- Trace Fossils of Ancient Volcanoes -
Avencas Beach (Parede) - 8 October 2006, 10H00 to 12H00
This cache is part of the 1st Annual International EarthCache Day
When we speak of fossils the images that immediately come to mind are the skeletal remains of the large quadrupeds that once roamed the earth back in the Triassic (245 Ma) – Cretaceous (65 Ma) periods.
No doubt, “trace fossils” will conjure up visions of the king of the Cretaceous period and Jurassic Park. However, trace fossils can be more subtle, smaller and you can be walking right over them without ever being aware of their existence.
Ancient and present day volcanoes are features that have left a definite fingerprint on the surface of the earth. The present day eruptions that we are presented with on the news bulletins of our global television coverage are perhaps the best known. The latest major eruption (at the time this cache went to press) was the August the 16th eruption of Tungarahua volcano in central Ecuador. However, the USGS Weekly Volcanic Activity Report keeps track of dozens of potentially hazardous and deadly volcanic activity throughout the world.
Less hazardous and clearly harmless clues of this activity have been left as fossils for geologists to study and for the public in general to marvel at. These fingerprints are dykes, sills, volcanic chimneys and basalt flows (columnar and pillow) left exposed as a result of natural erosion processes, excavations, archaeological digs and mining.
In Portugal we have several examples of these types of volcanic fingerprints. Here are but a few listed:
- Dykes: Commonly found in several settings and common occurrences along the coastline where exposure is perhaps best. These are bodies of lava that cut across the bedding of the rock.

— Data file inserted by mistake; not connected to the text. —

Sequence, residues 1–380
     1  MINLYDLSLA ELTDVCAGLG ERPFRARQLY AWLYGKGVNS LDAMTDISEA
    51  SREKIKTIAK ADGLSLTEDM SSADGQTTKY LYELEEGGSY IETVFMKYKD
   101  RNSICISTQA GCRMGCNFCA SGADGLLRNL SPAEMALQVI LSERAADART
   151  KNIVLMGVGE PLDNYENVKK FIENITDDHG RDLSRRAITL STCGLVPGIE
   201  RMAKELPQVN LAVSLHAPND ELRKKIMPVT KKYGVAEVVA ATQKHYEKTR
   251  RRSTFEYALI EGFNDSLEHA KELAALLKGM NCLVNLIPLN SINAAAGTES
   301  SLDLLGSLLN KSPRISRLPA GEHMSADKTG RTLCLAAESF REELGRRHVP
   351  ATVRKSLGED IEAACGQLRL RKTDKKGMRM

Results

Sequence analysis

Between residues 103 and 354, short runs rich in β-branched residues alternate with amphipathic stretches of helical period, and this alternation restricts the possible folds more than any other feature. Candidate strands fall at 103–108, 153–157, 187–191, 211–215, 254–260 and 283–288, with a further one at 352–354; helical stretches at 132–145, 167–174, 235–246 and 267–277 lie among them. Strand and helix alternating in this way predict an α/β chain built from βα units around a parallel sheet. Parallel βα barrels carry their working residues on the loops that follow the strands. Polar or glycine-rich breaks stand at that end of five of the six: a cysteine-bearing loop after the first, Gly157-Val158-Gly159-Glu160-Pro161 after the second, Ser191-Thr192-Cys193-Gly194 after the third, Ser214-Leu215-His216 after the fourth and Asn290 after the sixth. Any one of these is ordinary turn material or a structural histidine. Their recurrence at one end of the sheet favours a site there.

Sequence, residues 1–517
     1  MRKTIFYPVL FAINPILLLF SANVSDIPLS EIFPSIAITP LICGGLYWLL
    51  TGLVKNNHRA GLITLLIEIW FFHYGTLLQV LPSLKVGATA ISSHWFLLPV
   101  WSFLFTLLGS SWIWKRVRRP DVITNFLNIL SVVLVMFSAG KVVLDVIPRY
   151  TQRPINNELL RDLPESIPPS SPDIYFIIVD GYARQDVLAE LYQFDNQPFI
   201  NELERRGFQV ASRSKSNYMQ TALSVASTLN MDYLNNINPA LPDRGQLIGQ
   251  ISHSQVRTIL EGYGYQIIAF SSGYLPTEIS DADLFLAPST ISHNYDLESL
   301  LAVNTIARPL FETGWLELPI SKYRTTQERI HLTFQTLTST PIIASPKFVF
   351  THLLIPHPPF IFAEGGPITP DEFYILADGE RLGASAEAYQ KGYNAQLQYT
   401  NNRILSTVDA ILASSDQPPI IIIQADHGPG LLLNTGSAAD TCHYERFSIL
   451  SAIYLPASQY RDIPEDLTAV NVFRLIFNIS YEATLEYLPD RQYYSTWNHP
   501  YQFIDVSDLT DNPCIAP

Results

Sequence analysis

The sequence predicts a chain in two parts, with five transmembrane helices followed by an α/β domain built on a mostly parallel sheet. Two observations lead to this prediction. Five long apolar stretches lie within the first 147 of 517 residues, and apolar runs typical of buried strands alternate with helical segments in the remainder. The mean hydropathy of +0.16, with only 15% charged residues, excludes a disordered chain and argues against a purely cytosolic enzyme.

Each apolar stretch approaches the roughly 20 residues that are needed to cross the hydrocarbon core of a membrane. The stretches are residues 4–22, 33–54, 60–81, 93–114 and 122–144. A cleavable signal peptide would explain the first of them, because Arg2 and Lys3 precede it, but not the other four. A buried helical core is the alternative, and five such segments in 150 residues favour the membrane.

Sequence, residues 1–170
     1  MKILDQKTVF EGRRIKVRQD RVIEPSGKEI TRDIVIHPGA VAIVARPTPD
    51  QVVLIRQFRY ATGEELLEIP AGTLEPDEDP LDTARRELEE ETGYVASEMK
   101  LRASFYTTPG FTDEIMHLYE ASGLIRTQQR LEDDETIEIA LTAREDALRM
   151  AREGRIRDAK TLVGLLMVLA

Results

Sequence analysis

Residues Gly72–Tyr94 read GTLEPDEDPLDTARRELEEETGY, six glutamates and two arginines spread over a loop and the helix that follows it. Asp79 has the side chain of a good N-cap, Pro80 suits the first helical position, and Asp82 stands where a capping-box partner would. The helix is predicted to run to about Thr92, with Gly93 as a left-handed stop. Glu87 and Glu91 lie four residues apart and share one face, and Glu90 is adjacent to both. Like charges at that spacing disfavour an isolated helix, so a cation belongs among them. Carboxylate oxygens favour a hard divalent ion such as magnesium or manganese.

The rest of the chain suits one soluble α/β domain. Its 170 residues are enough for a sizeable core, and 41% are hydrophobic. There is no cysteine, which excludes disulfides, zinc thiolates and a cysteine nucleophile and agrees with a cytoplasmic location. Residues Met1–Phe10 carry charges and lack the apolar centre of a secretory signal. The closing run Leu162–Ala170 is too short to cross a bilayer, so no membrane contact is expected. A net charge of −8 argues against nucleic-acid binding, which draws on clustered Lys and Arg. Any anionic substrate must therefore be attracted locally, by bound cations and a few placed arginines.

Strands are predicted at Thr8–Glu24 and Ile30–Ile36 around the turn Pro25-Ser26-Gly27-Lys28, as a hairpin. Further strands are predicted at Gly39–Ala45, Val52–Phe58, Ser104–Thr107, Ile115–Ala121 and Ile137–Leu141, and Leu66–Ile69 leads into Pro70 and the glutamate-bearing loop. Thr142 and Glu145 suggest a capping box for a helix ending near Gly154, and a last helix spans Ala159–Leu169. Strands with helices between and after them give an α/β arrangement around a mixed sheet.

- Sills: Commonly found in several settings and common occurrences along the coastline where exposure is perhaps best. These are bodies of lava that are parallel to the bedding of the rock.
- Volcanic chimneys: Commonly found in the Lisbon area. These are remnants of the conduits of the lava to the surface. Clear and simple examples can be found at Cabeço de Montachique, where there are two caches nearby, 1- Passeio pelo Parque de Montachique and 2 – Sanatório Albergaria and at Les Aventures de Tintin to name but a few clear examples.
- Columnar basalts: An example of this type of basalt can be seen at another earthcache created in Portugal by our friend Lynx pardinus. His cache at Penedo do Lexim is an excellent opportunuty to view examples of this type of basalt and well worth a visit. It forms during the cooling of a thick lava flow, contractional joints or fractures form. If a flow cools relatively rapidly, significant contraction forces build up. While a flow can shrink in the vertical dimension without fracturing, it cannot easily accommodate shrinking in the horizontal direction unless cracks form. The extensive fracture network that develops results in the formation of columns. Because hexagons fit together efficiently with no vacant space (a tessellation), this is the most common pattern that develops. Pentagonal, heptagonal or octagonal joint patterns are also known, but are less common. Note that the size of the columns depends loosely on the rate of cooling; very rapid cooling may result in very small (<1 cm diameter) columns, and vice versa.
- Pillow basalts: Spectacular examples of this type of flow are present in Caniçal (Madeira). When basalt erupts underwater or flows into the sea, the cold water quenches the surface and the lava forms a distinctive pillow shape, through which the hot lava breaks to form another pillow. This pillow texture is very common in underwater basaltic flows and is diagnostic of an underwater eruption environment when found in ancient rocks. Pillows typically consist of a fine-grained core with a glassy crust and have radial jointing. Size of individual pillows can vary from 10 cm up to several metres.
If you're interested in learning a little more about the planet you live in, then let’s meet on the 8th of October for an on-site description and open air informal lecture on dykes and sills at Praia das Avencas (Parede) at the above coordinates. At 10H00, the prediction is for a low tide that will allow clear viewing of these features. On hand will also be a biologist that will try to answer any questions you may have regarding the diverse biota that live amongst these rocks.
The nearby beach will allow, the weather permitting in October, for a relaxed atmosphere and the more restless can brave the cooler water temperatures of the Atlantic ocean.
For more instructions of how to get to the location, please follow the instructions here. It will also give you a chance to brush up on the features you will observe
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